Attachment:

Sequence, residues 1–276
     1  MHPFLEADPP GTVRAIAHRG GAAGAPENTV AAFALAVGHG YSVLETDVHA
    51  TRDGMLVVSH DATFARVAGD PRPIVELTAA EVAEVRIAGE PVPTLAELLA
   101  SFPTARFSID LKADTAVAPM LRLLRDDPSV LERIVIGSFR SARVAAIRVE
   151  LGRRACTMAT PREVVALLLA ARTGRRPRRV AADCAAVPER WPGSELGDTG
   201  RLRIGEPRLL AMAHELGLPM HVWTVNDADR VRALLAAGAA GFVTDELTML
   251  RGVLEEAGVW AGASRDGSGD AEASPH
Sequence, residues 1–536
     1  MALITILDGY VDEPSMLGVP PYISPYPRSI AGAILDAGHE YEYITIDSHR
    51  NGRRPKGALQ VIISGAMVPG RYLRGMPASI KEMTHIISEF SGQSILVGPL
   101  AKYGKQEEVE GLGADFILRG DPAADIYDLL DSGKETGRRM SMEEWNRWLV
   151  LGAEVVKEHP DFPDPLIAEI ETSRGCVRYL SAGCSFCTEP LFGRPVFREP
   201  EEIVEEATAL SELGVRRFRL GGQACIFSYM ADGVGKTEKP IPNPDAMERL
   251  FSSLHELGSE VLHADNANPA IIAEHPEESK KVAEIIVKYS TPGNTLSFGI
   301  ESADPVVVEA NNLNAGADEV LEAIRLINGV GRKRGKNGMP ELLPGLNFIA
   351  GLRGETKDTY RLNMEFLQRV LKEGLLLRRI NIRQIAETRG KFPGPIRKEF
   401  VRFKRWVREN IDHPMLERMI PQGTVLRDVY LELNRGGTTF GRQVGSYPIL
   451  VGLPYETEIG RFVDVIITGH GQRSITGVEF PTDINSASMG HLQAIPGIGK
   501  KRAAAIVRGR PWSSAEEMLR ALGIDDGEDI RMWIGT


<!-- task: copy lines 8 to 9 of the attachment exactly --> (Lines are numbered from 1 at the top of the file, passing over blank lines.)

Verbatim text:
Sequence, residues 1–536
     1  MALITILDGY VDEPSMLGVP PYISPYPRSI AGAILDAGHE YEYITIDSHR